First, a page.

Shared Student Housing
After the first year, many students chose to move into shared houses or flats for the independence they offer, and the chance to live with a group of friends.
- In most university towns and cities there will be a wide range of private rented accommodation available through agents, individual landlords or in private halls.
- Your university or student union is likely to have a list of recommended or accredited landlords and this should be the first place you look.
- These landlords will usually have agreed to meet higher management and property standards, and if there is a problem, there will often be a complaints procedure you can access.
- You can find a list of accreditation schemes on the Accreditation Network UK website.
Shared properties for three or more unrelated people (known as Houses of Multiple Occupation, or HMOs) have additional standards placed on them by the Local Authority.
- In particular, houses for five or more people, over three or more storeys, have specific standards that require a level of security, fire detection, and appropriate kitchen and bathroom amenities suitable to the number of tenants.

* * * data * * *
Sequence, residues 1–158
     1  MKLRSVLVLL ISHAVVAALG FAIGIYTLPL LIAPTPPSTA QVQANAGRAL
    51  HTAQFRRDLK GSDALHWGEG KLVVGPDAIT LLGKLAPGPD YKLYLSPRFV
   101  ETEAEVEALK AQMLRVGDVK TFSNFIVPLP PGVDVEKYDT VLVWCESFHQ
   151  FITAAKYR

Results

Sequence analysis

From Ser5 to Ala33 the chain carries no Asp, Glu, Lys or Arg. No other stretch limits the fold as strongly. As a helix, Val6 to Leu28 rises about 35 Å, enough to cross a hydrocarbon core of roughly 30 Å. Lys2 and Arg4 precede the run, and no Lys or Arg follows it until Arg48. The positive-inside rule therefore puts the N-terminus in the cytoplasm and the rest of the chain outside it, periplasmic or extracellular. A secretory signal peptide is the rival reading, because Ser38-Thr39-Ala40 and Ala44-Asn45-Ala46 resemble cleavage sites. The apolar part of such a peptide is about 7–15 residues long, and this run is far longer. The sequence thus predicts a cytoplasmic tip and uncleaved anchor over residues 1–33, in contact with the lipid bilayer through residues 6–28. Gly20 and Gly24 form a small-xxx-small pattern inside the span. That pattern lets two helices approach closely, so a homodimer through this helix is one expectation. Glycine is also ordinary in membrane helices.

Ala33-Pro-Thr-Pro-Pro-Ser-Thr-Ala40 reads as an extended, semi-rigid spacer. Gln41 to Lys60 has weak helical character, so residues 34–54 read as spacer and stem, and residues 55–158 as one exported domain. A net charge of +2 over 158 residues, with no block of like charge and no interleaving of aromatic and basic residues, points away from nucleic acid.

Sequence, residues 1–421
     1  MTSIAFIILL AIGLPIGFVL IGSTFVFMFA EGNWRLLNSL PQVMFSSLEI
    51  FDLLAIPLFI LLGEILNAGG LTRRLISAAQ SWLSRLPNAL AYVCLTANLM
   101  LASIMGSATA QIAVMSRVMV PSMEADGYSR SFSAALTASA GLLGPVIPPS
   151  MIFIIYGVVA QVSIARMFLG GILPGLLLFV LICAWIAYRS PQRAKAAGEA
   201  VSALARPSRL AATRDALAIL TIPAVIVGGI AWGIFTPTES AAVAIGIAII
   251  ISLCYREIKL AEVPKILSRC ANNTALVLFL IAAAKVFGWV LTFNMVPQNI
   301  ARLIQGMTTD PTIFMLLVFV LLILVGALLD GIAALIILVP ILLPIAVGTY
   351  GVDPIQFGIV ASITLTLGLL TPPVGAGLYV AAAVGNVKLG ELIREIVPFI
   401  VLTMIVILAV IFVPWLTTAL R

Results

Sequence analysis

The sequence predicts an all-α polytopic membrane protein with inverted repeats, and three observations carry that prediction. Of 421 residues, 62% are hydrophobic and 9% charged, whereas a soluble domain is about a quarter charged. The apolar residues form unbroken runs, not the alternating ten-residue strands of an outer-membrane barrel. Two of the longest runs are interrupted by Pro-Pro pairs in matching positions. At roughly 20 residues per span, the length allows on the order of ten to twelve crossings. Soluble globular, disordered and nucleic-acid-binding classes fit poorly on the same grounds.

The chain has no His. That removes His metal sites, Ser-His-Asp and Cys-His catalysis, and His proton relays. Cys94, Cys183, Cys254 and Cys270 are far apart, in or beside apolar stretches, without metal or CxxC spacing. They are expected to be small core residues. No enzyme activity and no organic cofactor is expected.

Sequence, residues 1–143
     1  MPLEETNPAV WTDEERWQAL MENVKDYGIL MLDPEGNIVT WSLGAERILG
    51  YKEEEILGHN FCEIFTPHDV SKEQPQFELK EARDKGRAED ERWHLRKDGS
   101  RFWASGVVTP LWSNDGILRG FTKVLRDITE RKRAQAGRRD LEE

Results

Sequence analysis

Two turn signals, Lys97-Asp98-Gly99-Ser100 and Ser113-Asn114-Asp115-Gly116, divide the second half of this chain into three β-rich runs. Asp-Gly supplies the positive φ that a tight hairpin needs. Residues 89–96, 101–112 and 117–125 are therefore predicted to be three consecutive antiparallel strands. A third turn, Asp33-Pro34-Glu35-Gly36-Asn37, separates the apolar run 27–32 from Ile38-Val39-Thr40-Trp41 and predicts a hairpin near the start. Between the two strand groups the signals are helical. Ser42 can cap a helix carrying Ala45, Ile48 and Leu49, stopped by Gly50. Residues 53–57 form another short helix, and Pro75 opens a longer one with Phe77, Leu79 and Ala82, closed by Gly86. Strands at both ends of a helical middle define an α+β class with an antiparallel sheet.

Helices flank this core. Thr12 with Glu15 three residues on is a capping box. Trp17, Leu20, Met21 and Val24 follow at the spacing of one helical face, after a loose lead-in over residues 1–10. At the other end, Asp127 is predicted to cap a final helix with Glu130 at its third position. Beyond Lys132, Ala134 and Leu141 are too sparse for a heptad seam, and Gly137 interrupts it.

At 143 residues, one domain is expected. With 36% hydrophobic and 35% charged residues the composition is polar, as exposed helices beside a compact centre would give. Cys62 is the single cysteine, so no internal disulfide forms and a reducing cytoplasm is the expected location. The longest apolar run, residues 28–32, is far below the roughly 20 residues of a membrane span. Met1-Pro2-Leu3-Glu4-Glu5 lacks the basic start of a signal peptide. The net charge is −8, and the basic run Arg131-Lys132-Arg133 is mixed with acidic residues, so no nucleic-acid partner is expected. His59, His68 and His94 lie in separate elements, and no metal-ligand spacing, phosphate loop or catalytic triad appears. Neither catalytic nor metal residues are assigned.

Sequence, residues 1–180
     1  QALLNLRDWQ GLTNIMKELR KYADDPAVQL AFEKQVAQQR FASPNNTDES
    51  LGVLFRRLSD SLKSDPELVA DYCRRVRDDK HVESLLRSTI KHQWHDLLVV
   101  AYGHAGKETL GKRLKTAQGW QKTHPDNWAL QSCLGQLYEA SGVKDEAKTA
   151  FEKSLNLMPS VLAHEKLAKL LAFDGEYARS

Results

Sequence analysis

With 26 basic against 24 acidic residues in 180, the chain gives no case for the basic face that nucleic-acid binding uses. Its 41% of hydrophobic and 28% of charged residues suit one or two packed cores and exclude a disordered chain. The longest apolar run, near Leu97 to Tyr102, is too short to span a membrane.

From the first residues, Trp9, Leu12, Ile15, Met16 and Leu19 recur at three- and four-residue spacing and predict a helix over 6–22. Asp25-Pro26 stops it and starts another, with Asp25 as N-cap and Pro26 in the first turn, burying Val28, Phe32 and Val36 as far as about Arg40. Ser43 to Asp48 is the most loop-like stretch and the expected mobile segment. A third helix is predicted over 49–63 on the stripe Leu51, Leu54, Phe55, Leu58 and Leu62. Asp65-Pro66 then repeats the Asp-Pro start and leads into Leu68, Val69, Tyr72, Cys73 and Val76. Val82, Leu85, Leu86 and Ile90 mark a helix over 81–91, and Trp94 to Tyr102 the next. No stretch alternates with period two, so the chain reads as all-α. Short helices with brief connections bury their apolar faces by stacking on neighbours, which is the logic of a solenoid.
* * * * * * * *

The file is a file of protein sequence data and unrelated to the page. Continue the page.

- These properties are known as licensable HMOs, and by law the landlord must have obtained a license from the Local Authority, which should clearly be displayed in the property.
Your student union or university accommodation service will provide advice and information on choosing a shared house or flat.
- Many produce specalised booklets that will guide you through the things to consider, such as deposits, signing a contract, utility bills, housing standards and who to share with.
- Make sure you have picked up a copy and are fully informed before you commit yourself to renting a property.
Next page: The Paperwork